Traditional use of myrrh includes treating skin wounds and infections. A test-tube study found that myrrh oil mixed with sandalwood oil was especially effective at killing microbes that infect skin wounds. Additionally, myrrh oil alone inhibited 43–61% of the growth of five fungi that cause skin conditions, such as ringworm and athlete’s foot. Although more research is needed to confirm these benefits, myrrh oil can be used for general skin health when diluted and applied directly on the skin.
Reduces Pain and Swellings
Headaches, joint pain and back pain are common complaints. Myrrh oil contains compounds that interact with the body’s opioid receptors, informing the brain you’re not in pain. Myrrh also blocks the production of inflammatory chemicals that can lead to swelling and pain.
Myrrh is a powerful antioxidant that combats oxidative damage. Oxidative damage from free radicals contributes to ageing and some diseases. In a test-tube study, myrrh oil’s antioxidants were found to be more effective at fighting free radicals than vitamin E, another powerful antioxidant. Inhaling myrrh oil or applying it topically are two safe uses of myrrh oil, which might help to protect the body against oxidative damage.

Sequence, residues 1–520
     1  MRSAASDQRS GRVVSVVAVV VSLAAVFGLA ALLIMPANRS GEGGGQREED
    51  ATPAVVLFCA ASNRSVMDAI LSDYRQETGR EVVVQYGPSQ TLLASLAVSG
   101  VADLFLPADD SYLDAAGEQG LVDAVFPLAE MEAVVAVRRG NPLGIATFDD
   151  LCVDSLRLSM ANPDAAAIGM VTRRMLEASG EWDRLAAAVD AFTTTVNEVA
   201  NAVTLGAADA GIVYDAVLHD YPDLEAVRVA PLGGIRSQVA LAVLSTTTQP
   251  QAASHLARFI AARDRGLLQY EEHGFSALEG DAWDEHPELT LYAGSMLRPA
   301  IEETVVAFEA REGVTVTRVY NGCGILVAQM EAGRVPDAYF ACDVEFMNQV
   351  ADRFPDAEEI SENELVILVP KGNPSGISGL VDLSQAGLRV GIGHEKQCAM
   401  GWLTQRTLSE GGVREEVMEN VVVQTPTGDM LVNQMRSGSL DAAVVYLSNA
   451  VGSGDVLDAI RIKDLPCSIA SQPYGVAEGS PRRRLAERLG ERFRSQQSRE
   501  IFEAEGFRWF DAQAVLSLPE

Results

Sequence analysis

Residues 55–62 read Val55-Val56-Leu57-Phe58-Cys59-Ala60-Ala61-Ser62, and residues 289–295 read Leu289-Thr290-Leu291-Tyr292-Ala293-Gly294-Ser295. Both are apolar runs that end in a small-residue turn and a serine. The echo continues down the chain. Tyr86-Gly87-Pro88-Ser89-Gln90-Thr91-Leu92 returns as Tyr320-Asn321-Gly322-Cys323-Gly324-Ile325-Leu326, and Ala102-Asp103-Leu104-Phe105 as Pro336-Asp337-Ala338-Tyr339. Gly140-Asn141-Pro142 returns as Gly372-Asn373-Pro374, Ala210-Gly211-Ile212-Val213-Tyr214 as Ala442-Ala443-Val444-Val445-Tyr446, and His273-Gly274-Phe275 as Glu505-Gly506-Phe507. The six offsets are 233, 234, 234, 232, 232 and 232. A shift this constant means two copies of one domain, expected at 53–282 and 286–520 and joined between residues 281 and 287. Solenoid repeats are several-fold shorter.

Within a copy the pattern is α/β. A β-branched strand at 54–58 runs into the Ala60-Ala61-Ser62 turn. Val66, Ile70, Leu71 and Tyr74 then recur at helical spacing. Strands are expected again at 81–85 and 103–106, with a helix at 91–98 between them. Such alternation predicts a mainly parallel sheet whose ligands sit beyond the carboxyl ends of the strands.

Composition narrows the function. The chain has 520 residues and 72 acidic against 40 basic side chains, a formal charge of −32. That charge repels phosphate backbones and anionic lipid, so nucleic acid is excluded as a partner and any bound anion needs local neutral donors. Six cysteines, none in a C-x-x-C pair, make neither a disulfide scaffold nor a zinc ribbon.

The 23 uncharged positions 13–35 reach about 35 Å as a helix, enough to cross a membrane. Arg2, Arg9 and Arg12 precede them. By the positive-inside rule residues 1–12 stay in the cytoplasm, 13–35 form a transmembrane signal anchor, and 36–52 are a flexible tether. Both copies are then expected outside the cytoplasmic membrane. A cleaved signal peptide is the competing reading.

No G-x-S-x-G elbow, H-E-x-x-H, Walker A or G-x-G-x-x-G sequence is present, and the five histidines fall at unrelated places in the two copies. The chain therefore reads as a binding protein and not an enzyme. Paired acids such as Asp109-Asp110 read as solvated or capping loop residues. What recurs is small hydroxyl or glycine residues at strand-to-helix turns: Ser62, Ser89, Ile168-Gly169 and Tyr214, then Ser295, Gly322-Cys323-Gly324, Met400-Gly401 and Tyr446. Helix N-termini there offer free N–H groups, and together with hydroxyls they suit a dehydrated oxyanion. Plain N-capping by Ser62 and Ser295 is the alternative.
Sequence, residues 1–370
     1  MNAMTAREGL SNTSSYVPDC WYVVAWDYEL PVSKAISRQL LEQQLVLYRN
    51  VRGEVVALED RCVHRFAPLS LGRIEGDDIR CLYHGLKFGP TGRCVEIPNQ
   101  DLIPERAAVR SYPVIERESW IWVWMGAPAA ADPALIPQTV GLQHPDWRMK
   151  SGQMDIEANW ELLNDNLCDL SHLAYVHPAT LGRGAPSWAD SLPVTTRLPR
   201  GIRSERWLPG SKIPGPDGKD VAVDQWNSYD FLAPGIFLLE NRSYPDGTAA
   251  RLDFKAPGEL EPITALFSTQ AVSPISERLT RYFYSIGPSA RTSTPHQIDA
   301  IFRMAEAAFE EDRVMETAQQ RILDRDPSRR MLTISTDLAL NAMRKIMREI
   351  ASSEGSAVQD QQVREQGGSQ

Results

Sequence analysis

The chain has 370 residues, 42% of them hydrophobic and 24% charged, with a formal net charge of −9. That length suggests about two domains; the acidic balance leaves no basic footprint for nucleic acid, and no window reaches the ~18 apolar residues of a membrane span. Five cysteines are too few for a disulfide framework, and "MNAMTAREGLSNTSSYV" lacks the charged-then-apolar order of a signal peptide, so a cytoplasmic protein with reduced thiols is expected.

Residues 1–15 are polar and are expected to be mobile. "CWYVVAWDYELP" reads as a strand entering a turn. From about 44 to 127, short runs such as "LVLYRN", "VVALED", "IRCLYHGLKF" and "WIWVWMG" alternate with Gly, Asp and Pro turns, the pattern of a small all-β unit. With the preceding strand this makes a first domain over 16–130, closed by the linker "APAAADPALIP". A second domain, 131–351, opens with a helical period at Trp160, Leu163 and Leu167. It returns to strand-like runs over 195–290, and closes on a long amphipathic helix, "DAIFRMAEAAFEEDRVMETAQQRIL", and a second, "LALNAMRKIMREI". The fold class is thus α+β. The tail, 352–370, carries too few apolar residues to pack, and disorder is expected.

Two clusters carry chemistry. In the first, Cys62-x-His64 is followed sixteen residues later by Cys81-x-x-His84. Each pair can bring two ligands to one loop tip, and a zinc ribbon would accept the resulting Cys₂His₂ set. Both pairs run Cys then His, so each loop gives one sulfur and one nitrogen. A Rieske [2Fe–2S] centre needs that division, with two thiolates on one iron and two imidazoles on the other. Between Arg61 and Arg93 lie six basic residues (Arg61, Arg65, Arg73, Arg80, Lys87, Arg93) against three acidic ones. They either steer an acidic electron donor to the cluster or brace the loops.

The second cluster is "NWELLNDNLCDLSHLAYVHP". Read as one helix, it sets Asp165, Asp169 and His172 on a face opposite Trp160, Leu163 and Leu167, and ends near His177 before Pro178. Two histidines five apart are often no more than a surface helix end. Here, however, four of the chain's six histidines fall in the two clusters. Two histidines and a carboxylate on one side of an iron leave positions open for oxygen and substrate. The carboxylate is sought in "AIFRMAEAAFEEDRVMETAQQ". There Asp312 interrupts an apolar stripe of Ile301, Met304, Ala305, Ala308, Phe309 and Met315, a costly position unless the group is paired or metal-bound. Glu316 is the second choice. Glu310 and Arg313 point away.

Other Potential Benefits
The following applications are under study to confirm the potentials of myrrh oil and its beneficial compounds.
Sunscreen – test-tube study found that myrrh oil added to SPF 15 sunscreen significantly increased the blocking of ultraviolet rays than the sunscreen alone. Myrrh oil on its own, was noticeably less effective than the sunscreen.
Cancer – other test-tube studies suggest that myrrh oil may help kill or slow the growth of cancer cells in the liver, prostate, breast, and skin. This seems very promising, although human tests are needed to prove these effects.
Mould – it is also suggested that myrrh oil may kill mould, including aspergillus niger (which commonly appears as mildew on damp walls, and which sometimes can be an attributory cause of pneumonia) and aspergillus flavus (responsible for spoilage and fungal contamination of food).